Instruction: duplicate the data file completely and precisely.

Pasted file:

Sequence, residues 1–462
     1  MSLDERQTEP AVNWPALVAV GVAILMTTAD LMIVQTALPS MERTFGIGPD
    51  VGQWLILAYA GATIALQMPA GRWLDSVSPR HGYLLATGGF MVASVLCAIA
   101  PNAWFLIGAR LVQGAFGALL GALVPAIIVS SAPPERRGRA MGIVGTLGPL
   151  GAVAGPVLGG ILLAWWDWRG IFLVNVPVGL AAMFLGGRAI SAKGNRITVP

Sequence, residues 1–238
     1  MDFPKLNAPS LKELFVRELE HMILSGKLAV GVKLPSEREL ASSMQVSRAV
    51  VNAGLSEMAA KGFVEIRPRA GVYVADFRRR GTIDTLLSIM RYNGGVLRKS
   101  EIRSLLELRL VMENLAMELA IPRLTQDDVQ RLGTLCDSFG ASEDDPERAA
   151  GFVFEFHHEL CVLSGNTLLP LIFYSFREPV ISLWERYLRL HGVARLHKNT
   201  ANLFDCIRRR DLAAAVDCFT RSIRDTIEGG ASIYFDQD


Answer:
Sequence, residues 1–462
     1  MSLDERQTEP AVNWPALVAV GVAILMTTAD LMIVQTALPS MERTFGIGPD
    51  VGQWLILAYA GATIALQMPA GRWLDSVSPR HGYLLATGGF MVASVLCAIA
   101  PNAWFLIGAR LVQGAFGALL GALVPAIIVS SAPPERRGRA MGIVGTLGPL
   151  GAVAGPVLGG ILLAWWDWRG IFLVNVPVGL AAMFLGGRAI SAKGNRITVP

Sequence, residues 1–238
     1  MDFPKLNAPS LKELFVRELE HMILSGKLAV GVKLPSEREL ASSMQVSRAV
    51  VNAGLSEMAA KGFVEIRPRA GVYVADFRRR GTIDTLLSIM RYNGGVLRKS
   101  EIRSLLELRL VMENLAMELA IPRLTQDDVQ RLGTLCDSFG ASEDDPERAA
   151  GFVFEFHHEL CVLSGNTLLP LIFYSFREPV ISLWERYLRL HGVARLHKNT
   201  ANLFDCIRRR DLAAAVDCFT RSIRDTIEGG ASIYFDQD